- Going back the consumer for a minute: consumers spend less which hurt business, but also the government
- Tax Revenues are Down
- Municipalities and States are insolvent and on the verge of bankruptcy
- What will happen: Denial of Services (social unrest) or will they get bailed out by the Fed and Treasury (further monetization of debt)
- GDP: The biggest growth sector is … the government
- The government does not have a wealth, all it has are claims on future tax revenue of US citizens and debt that it can sell to foreign governments (more in a minute)
- So when the government grows it is not growing the GDP truly. Any effect is temporary because it is paying for it through deficit spending or dollar devaluation (or both)
- Which mean in real terms (in devalued / inflation-adjusted dollars) GDP is severely contracting.
- China is not growing as strongly or as sustainably as many suggest: Steve Saville: Getting Some Things Straight Regarding China
- If China continues of the path of holding the yuan fixed relative to the dollar, it will have it is own inflation nightmare to begin with (read article above for explanation)
- China will likely need to stop purchasing new US Treasury debt at the levels they used to (it is unclear what they will do with their current US holdings, but they have already begun rotating into commodities)
- This means the Fed will have to continue to step up buying US Treasury debt (to keep interest rates low so that we can “borrow our way out of this mess”).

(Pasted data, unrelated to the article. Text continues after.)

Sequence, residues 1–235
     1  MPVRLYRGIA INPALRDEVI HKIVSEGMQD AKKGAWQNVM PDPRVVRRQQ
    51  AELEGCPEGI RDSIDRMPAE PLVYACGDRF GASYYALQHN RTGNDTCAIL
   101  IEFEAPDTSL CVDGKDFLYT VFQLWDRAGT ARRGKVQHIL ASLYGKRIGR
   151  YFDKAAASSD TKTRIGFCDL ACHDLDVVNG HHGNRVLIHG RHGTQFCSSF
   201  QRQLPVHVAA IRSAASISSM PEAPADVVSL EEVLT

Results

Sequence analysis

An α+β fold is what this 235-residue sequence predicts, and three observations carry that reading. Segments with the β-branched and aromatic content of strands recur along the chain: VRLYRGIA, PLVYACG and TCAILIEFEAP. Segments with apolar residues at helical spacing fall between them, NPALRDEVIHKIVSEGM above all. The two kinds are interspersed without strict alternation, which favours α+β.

- This further debt monetization further undermines the dollar, and furthers the likelihood of a currency crisis in the dollar.
- Businesses are by and large NOT doing well
- The past 2 quarters have seen earning growth relative to the previous quarter.
- Revenues for leading companies have grown slightly (relative to previous quarter), but across the board, they are mostly flat or down
- Compared to a year ago, earnings and revenues are in the toilet.

I could go on and on. But you get the picture. The outlook for any “true” GDP growth (that is growth that is not driven by government spending) is bleak due to all the points made above.

The problem, as you have surmised, is debt. There is simply too much of it. At the core, this is the issue that must be dealt with.


So we have a disconnect right now on several fronts:
- Economists are declaring the recession is over
- Politicians are pointing to "green shoots" as proof that the stimulus "worked" ("working" being sustainable economic growth vs. a temporary economic sugar rush)
- All of the observations I made above are still valid, there is still long term risk that has absolutely not been mitigated in the last 6 months

Yet the stock market rallies. And the "conventional wisdom" is that the stock market is forward looking by 6-9 months, and now that the economists are blaring the trumpets, do we take it on faith that everything is fixed and dive into the "Long" Pool head first?

I would think twice before doing so and consider that all of the upgrades by Wall Street and "turned the corner" pronouncements have come in the middle of investor euphoria. Sentiment is a big deal and turning points occur at extreme sentiment.

Since the current rally is just a bullish correction in a secular bear market (at least I assert it is), it makes it the ultimate bull trap (in a long term / secular sense).

The “illusion” of a new secular bull market will be extreme. Bulls will come out of the woodwork. Bears / shorts will be squeezed. There will upside capitulation.

Even in the CIL, I am hearing statements from long time bears that the current price levels are “the last chance for the bears”. These types of statements are *extremely* characteristic of a Wave 2 (we are in Primary Wave 2 now, more in a minute).

Nearly everybody will doubt the possibility of more downside, that a new bull market is here to stay.